We headed a point or two out to sea, and it was possible to see the reef, even though it was covered at high tide. The swells moved across it, frothing white, and as we came nearer and it became more defined, we could see its extent—a long reef, parallel with the shore, with three pinnacles almost breaking the surface.
We stood off to rig the heavy casting gear and Rafael put us in position 200 feet from the nearest break. Tom's popper went out first, splashing into a smooth hump of water that was building over the rock; then he was working it back, jerking his rod tip violently and reeling fast. "Hey! Hey!" Rafael yelled. A big, sullen swirl broke astern of the popper. Tom reeled faster. Two more swirls and then his rod was hard over and he was frantically trying to tighten the drag. Under no circumstances, our luncheon guest had told us, was any line to be given. If it was, the cubera would be straight into the reef, cutting us off. So to encourage Tom as he sweated and panted to hold his fish, I told him that he had one of the lesser cuberas there. "You have merely encountered one of their outlying pickets," I told him.
Tom lost his fish and we turned to our comedy routine again. Rafael listened silently to our plans for defending the Aquasport against the Horde, then said crushingly, "Is not cubera you have. Is little surface snapper. About 15, 20 pounds. Small cuberas is twice as big. I take you to them now, and maybe to some big cubera." He swung the boat around and headed uptide again. "You cast that way," he said, pointing. Two poppers flew out, started to jerk back on the surface and then, quite suddenly, the sea turned red.
Not an acre of red, but a patch as big as a medium-sized hotel lobby. And not primary red either, more a dull brick color. There were crashing explosions all around the plugs, then both our rods were wrenched down savagely. "Cuberas come," Rafael said nonchalantly.
Silently, Tom and I fought our fish. This time we were in better shape than during Tom's first snapper encounter because now there was a lot more water beneath us and we had some room to maneuver and to contain the repeated crash dives. Even so, and even on heavy gear, it was 15 minutes before both the fish were subdued, coming up dull red, the dog-fanged jaws moving slowly. "Is small cuberas," Rafael announced, lifting them out on the gaff. "Go maybe 35 pounds. Now you cast again."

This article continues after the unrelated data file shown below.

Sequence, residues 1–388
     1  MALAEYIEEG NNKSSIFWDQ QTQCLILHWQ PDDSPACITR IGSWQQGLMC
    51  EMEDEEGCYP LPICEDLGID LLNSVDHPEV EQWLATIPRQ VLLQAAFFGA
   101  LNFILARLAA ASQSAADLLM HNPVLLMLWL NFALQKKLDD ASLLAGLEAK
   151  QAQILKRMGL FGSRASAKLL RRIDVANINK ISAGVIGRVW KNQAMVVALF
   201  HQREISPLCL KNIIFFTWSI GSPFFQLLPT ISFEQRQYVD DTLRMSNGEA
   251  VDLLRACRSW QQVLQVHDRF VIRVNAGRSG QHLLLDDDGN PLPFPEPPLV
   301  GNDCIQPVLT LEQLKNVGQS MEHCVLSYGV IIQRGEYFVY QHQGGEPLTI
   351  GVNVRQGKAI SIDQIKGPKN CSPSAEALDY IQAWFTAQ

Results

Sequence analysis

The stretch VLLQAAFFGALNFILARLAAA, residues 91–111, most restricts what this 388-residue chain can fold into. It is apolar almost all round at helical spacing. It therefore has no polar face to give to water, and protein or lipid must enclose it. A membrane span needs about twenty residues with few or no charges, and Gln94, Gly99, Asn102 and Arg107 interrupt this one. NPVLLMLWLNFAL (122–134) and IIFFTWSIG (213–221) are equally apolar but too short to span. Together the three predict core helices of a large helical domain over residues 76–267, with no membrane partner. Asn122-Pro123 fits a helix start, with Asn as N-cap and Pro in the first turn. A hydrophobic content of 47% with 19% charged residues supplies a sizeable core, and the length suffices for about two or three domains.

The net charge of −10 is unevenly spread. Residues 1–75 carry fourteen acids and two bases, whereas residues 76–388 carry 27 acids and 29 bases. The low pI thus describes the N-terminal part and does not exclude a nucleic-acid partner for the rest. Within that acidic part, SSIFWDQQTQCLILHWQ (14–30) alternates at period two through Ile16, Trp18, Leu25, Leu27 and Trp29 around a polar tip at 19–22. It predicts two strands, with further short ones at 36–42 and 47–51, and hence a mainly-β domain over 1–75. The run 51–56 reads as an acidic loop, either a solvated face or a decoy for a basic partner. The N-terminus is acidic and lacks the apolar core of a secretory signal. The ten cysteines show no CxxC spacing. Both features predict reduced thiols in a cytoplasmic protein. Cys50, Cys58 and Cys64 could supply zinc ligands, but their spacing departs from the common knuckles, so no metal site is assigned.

Tom and I looked at each other. If those were small fish, we were not entirely certain that we wanted to cast again. The Red Horde that was a joke had now turned out to be real. Maybe another of our fantasies was real, too: the Cubera King, deep in his rocky, weed-fronded fastness, might come out and accept our challenge, all 100 pounds of him. Or something similarly nasty. Such a thought, comical thousands of miles north, was easy to entertain when you were riding an ocean swell surrounded by lumps of Central American jungle.
Even so, we cast again, and once again the Red Horde sallied out from its fortress. We dragged the plugs away from it frenetically, in the hope that they wouldn't be hit until they were over deep water, but they were engulfed before they had traveled 50 feet. There was a difference this time, though. Even before the first power dive could materialize, brown shadows appeared in the subsurface and we felt the familiar, sickening deadweight of sharks on the line.
There was no fighting them; they were simply too big. We broke off and cast three or four more times. The same. "When sharks come, they stay," Rafael said. "We shift away from here now."
So we did. We trolled a wahoo channel on the far side of the island and by the time the second fish was aboard the sharks had arrived. Landing wahoo heads is not really fun. We set out for home. "Tomorrow I want to stay away from Blood Island," I told Rafael. "Let's try to take one of those sails on the fly."
The technique of catching sailfish on flies is now well established, since Dr. Webster Robinson's first successful experiments in 1962. You troll hookless teasers until you raise a sail. Then you enrage the fish by snatching the teaser from it until it turns blue and green with fury. Then you haul in the teaser and substitute your fly. More sails have been caught this way out of Club Pacifico than from any other fishing camp in the world—or so it's said. And the guides are naturally very experienced.